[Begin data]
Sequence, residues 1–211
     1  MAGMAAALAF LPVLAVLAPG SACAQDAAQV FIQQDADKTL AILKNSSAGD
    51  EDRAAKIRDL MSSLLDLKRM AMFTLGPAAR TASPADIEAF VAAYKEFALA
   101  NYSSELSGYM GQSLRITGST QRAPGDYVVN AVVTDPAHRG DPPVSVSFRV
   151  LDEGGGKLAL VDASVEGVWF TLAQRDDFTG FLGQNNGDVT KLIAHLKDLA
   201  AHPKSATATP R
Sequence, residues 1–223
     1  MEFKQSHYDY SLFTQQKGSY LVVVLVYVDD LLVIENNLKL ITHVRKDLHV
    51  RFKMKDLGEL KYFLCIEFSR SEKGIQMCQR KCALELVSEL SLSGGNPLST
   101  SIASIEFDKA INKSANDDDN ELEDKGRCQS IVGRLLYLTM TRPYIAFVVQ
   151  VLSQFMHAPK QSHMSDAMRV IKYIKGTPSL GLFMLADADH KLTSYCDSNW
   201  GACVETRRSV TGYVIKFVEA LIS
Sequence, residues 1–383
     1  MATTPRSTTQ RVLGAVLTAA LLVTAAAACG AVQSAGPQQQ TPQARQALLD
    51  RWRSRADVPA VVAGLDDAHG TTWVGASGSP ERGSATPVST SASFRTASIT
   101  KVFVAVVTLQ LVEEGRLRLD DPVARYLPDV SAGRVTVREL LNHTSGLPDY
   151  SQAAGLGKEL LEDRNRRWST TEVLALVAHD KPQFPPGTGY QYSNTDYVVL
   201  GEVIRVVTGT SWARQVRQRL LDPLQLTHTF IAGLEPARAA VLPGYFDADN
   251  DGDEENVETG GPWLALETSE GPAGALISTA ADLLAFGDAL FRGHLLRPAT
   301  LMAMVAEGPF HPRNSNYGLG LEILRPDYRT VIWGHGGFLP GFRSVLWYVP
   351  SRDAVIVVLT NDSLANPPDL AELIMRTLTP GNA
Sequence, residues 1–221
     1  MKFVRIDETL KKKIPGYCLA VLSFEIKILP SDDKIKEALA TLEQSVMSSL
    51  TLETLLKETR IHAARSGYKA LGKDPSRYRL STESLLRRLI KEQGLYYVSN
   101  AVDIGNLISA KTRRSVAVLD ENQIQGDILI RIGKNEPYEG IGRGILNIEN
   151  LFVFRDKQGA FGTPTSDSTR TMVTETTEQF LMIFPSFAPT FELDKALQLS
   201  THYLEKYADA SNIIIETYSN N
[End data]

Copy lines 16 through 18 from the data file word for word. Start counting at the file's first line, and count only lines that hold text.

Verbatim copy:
   101  KVFVAVVTLQ LVEEGRLRLD DPVARYLPDV SAGRVTVREL LNHTSGLPDY
   151  SQAAGLGKEL LEDRNRRWST TEVLALVAHD KPQFPPGTGY QYSNTDYVVL
   201  GEVIRVVTGT SWARQVRQRL LDPLQLTHTF IAGLEPARAA VLPGYFDADN